America's infrastructure is in need of serious improvements. This past election cycle we saw both political parties agree on this, with Donald Trump and Bernie Sanders sharing the same basic idea that America's infrastructure needs some help. President Obama also agrees, and on December 4th, 2015, he signed the Fixing America's Surface Transportation Act, commonly referred to as the FAST Act. The FAST Act authorized $305 billion of spending over fiscal years 2016-2020 for various infrastructure projects. The Trump Administration has hinted at spending $1 trillion on infrastructure over the next decade. PwC has issued a memo on the matter and says that the spending is "fiscally feasible," and that the public private partnerships trend will likely continue as it has seen bipartisan support. I encourage readers to check out the information provided by PwC, but for those that do not want to get into the details, I think it is logical to speculate that some tailwinds coming for those operating in the industry. This article will look at companies that rent various tractors, cranes, and other pieces of heavy machinery that contractors lease to work on projects. Specifically United Rentals (NYSE:URI), H&E Equipment Services (NASDAQ:HEES), Neff Corp. (NYSE:NEFF), and Essex Rental Corp. (NASDAQ:ESSX) will be in focus.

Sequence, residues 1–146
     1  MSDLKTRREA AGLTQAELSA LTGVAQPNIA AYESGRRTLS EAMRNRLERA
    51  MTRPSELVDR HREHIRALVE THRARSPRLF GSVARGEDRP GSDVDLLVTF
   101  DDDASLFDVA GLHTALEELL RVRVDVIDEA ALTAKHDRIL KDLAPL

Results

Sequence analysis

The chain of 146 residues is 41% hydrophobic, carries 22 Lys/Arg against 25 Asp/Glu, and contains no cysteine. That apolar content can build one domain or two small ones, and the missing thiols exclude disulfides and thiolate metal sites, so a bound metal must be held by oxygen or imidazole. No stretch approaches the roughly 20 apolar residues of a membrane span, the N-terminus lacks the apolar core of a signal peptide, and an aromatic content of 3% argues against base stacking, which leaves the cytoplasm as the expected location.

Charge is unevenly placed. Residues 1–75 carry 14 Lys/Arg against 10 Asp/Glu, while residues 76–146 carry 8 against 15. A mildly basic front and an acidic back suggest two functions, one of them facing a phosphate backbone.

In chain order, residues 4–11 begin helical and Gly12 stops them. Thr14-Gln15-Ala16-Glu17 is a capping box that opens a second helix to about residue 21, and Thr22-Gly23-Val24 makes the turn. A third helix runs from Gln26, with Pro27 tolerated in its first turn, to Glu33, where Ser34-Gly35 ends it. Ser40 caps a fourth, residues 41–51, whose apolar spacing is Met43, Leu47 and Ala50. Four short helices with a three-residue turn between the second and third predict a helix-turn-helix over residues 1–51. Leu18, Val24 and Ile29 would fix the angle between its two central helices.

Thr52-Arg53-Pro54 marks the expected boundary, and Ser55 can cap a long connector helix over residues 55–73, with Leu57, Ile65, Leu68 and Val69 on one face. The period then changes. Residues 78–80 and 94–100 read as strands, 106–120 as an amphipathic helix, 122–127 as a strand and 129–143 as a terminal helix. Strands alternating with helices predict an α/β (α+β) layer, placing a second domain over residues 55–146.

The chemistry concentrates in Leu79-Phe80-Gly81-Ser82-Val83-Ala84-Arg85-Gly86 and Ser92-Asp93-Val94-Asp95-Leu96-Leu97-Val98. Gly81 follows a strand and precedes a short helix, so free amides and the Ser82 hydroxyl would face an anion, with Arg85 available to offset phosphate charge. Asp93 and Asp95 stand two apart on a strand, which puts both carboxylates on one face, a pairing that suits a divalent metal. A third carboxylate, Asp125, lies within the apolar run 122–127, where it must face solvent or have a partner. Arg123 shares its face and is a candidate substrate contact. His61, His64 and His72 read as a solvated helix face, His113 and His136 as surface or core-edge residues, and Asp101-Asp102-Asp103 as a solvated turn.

United is the largest equipment rental company in the world and has over 880 locations in North America. The company divides its operations into two segments: general rentals and trench, power and pump. The general rental segment includes construction, aerial, industrial and homeowner equipment. The trench, power and pump segment includes specialty construction equipment and services. Shares fell under $4 in 2009, but have since rocketed to above $125. For Q4 2016, the company posted non-GAAP earnings of $2.67 per share, beating the consensus estimate of $2.23.